In my last post, I asked the question: why can a man sit happily for three hours at a football game but get bored 15 minutes into a sermon?
Some blame it on spiritual apathy. Others say it’s a matter of biology.
Before we get into specifics, let me blow up a myth: men don’t really sit through three-hour football games. They end up moving around a lot. They visit the concession stand for overpriced beer and nachos. They cheer when their team does something unexpected. Or if they’re watching at home they get up and make a sandwich during halftime and TV timeouts.
Sermons are different. They don’t have a pause button. There’s no intermission or halftime. You can’t really even go to the bathroom unless it’s urgent. Men are stuck – and they know it.
What can preachers and teachers borrow from sports and movies to make their sermons more engaging to men? Here are four observations, based on my previous post:
1. Sports and movies are built upon surprise, but sermons are utterly predictable.
If I may be brutally honest: most sermons are mind-numbingly predictable. Not in content, but in format.
The pastor stands up and speaks. He reads from the Bible. Then he speaks some more. As hen concludes, he might ask us to commit our lives to God. Then we sing.
It’s more than just the sermon. I worship in churches all over the world, and most church services are utterly predictable. Nothing unexpected ever happens. They all follow the same basic script: opening song, announcements, more singing, then a sermon, then another song or two, then an offering, then we socialize for about 3 minutes and go home. The elements are always the same – the only thing that changes from one congregation to the next is the order in which they’re scheduled.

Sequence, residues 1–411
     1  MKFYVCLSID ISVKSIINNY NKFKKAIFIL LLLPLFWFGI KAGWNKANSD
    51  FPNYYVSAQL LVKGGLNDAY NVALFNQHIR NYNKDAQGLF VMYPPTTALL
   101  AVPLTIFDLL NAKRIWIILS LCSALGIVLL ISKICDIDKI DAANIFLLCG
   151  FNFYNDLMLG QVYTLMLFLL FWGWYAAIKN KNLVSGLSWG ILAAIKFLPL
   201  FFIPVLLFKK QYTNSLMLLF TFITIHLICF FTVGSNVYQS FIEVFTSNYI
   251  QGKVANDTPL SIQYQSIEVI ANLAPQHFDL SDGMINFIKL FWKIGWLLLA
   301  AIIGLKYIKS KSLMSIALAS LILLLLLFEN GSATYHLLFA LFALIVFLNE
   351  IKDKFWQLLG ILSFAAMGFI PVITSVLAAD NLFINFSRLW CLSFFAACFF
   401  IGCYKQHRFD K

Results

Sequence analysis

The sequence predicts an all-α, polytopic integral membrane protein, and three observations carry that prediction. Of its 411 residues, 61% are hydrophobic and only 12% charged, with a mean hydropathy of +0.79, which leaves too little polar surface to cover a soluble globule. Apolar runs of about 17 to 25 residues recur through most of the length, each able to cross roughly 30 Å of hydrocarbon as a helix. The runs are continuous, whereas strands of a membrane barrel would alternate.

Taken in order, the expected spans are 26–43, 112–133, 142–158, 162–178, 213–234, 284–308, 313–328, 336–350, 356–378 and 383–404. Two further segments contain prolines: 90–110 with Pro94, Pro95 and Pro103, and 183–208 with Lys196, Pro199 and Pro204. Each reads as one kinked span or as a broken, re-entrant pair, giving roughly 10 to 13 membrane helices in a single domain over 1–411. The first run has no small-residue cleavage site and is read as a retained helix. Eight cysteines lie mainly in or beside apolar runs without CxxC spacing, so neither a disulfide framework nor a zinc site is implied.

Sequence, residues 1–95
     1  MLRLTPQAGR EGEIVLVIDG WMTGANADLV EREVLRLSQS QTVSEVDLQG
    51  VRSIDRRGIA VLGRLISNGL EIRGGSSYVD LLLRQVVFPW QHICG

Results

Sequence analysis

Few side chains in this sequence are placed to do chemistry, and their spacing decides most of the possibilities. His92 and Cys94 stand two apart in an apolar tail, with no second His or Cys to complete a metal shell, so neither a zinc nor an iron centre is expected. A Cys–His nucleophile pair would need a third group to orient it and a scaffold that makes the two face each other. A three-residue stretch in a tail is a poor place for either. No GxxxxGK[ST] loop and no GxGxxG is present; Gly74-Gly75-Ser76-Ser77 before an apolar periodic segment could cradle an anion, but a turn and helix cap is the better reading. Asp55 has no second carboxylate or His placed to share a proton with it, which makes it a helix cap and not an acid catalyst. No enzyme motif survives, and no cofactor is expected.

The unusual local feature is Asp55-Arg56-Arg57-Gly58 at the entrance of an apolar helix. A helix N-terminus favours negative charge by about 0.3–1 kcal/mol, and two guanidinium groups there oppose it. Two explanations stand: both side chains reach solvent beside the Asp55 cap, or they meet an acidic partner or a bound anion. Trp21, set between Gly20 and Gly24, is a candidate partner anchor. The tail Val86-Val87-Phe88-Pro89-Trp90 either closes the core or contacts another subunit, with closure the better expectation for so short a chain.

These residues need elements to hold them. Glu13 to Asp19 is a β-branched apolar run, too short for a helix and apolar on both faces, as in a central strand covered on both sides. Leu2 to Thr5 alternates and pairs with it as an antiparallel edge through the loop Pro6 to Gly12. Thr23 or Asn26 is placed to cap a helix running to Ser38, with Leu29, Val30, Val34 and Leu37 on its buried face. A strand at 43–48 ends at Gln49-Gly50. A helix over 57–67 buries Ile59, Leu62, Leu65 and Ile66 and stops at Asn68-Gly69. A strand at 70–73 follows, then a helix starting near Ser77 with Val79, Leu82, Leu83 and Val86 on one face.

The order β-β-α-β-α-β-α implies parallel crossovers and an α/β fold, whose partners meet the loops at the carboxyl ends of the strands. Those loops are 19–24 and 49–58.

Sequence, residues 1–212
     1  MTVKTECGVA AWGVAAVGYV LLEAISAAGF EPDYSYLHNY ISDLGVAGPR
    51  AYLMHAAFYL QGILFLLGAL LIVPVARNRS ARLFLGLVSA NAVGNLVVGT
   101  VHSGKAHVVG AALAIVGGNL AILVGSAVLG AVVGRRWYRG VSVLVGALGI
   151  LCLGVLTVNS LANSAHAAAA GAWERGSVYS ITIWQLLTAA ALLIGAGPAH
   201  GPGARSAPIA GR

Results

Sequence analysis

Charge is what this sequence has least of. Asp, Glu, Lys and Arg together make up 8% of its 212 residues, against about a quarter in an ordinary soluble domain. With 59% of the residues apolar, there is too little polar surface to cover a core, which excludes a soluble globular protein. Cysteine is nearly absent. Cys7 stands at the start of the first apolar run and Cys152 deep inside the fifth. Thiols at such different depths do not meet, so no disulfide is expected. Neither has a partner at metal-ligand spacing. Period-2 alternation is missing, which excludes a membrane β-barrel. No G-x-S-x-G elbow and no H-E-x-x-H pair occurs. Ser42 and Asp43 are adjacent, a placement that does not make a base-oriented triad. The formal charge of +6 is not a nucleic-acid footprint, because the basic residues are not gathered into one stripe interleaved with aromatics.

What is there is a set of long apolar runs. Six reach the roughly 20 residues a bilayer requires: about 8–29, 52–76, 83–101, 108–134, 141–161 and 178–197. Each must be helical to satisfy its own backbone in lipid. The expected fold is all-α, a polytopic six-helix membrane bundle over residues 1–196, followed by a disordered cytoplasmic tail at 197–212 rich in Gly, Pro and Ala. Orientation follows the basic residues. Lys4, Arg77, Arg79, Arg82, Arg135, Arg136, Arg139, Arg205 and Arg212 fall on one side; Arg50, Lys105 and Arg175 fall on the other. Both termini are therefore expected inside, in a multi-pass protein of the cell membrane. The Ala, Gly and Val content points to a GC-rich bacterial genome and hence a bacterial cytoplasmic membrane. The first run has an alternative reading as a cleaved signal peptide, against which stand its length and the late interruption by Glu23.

Where’s the adventure in that?
An effective preacher or teacher works hard to surprise his audience. You can too. It’s easy. Set something on fire. Splash water on the congregation. Take questions from the audience.
Too wild? OK, try this. Next Sunday, come out from behind the pulpit. If that goes well, then walk down the center aisle while you’re preaching. Whoa! Big chance you’re taking! For God’s sake DO SOMETHING CREATIVE AND UNEXPECTED!
The one constant in the Bible is that when God shows up, people were surprised. The unexpected happened. The Bible says that the crowds were astonished at Jesus’ teaching. When is the last time you left church feeling astonished by something that happened? When were you the least bit surprised?
2. Sports and movies are built around conflict. But our churches avoid conflict.
Have you noticed that everything is always great at church? We stand in front of the congregation and lie about our lives. How blessed we are. How perfect everything is.
Yet men are drawn to a story of conflict. This is why a raw, scary testimony is one of the keys to reaching men. Why raw truth and honest confession pierces men’s defenses.
Preachers and teachers should be honest about conflict. And they should tell stories that revolve around conflict to illustrate their teaching.
3. Sports and movies are visually stimulating. But most sermons are visually boring.
In 90% of sermons there’s absolutely no visual content at all. Nothing. The only thing to see is the preacher. The only thing that moves is the Bible, waving in the air, its gold leaf pages shimmering like a lure in search of a trout.
Thankfully, some preachers have begun using PowerPoint slides to accompany their sermons. But unfortunately most of these are just text. Death by bullet point.
However, a few wise communicators have begun incorporating images and video into their sermons. They build their talks around a strong visual metaphor.
Are you media illiterate preacher? Fine. Simply bring an object lesson into the pulpit every week. EVERY WEEK. Relate the object to your sermon. If you do this, within three years you’ll have a church full of men.
4. Sports and movies create audience buy-in. But sermons often create buy-out.
What do I mean? A dull preacher just gets up and gives Bible facts. But a skilled preacher or teacher tells a compelling story. He draws you into the narrative. He skillfully uses parables and illustrations to make you forget your listening to a sermon.
I’ve only scratched the surface of this important topic. If you do these things you can preach a lot longer without boring your men.
If you’re a preacher who uses these techniques, please tell us about it. What effect has it had on your men? Leave your comment below, or join the conversation on our Facebook page.